Goethe wrote that his subject was 'the disproportion of talent to life'. In his long programme note, MacDonald argues that Tasso's predicament has a more general relevance. The play makes greater sense, he maintains, if we realise it is not concerned merely with the artist as social misfit, but with 'the fact that none of us is quite able to adjust to our social surroundings, and that it is our qualities of imagination, in other words, the artist in all of us, that makes it impossible for us to do so'. So take consolation the next time someone usurps your parking space that it's just the Virginia Woolf or Gerard Manley Hopkins in them finding a necessary outlet.
The untenability of this notion is amply demonstrated by the production, which remains stubbornly uninvolving for most of its two-and-a-half hours. Set in the sugary neo-classical colonnade of the Duke of Ferrara, where Tasso is court poet, proceedings have been updated from the Renaissance to the 1910s, resulting in some confusion over the precise cultural position of Henry Ian Cusick's initially very proper-seeming, wing- collared, spats-sporting Tasso. The fact that the lofty aims of his art are not appreciated by his patron is coarsely caricatured here by Andrew Wilde, who turns Prince Alfonso into a monocled chump, cartoonily tugging his manuscript from the perfectionist poet's hands.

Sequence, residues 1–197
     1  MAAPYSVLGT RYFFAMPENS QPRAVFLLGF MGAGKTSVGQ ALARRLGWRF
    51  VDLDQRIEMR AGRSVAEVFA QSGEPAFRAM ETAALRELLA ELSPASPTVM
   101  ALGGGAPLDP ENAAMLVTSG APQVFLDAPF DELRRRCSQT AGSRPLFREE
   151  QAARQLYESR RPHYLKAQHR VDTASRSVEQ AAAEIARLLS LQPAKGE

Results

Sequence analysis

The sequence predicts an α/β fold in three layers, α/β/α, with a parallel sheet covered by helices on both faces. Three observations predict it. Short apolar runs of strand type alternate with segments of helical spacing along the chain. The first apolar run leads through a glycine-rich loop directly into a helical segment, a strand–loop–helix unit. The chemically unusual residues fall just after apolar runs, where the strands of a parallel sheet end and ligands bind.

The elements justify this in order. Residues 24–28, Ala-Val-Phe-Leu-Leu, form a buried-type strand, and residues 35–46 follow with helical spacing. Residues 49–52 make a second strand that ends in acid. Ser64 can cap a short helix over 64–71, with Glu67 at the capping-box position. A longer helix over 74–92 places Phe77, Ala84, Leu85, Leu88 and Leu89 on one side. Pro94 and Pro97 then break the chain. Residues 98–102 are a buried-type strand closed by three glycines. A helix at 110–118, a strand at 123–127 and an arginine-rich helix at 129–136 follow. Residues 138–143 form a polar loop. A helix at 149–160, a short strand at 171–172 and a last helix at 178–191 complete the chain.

When a production is reduced to signalling the Social Maladjustment of the Artist by having him klutzily bumping into the garden furniture (no co-ordination, these aesthetic types), you sense that the rethinking of Tasso in early 20th-century terms has been a trifle vague.
The play dramatises the antagonism and last-minute reconciliation between the poet and his anti-type, the man of action Antonio, while also tracing Tasso's decline into madness as he misinterprets his friends' attempts to help him. But the piece is fatally lacking in forward drive (working better on the page). It fails to take account of the black comedy that's hard to avoid when presenting paranoid possessiveness on stage.
Despite such touches as the string music that punctuates the procession of duologues and soliloquies, MacDonald's production doesn't convince you that there are formal satisfactions in the play to compensate for its low pulse-rate. The disporportion of talent to life is demonstrated in a piece that exemplifies the disproportion of rarefied intellectual content to dramatic life.
Lyceum, Edinburgh (031-225 5756). 7.30pm to 20 Aug; 2.30 mats 18 and 20 Aug